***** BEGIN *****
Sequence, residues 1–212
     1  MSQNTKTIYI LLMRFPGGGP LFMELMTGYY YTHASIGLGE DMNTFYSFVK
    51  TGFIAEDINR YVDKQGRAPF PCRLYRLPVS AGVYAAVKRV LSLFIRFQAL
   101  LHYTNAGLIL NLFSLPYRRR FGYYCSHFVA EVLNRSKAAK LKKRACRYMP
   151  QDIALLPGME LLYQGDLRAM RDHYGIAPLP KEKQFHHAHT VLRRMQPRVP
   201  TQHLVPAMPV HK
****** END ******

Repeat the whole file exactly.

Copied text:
Sequence, residues 1–212
     1  MSQNTKTIYI LLMRFPGGGP LFMELMTGYY YTHASIGLGE DMNTFYSFVK
    51  TGFIAEDINR YVDKQGRAPF PCRLYRLPVS AGVYAAVKRV LSLFIRFQAL
   101  LHYTNAGLIL NLFSLPYRRR FGYYCSHFVA EVLNRSKAAK LKKRACRYMP
   151  QDIALLPGME LLYQGDLRAM RDHYGIAPLP KEKQFHHAHT VLRRMQPRVP
   201  TQHLVPAMPV HK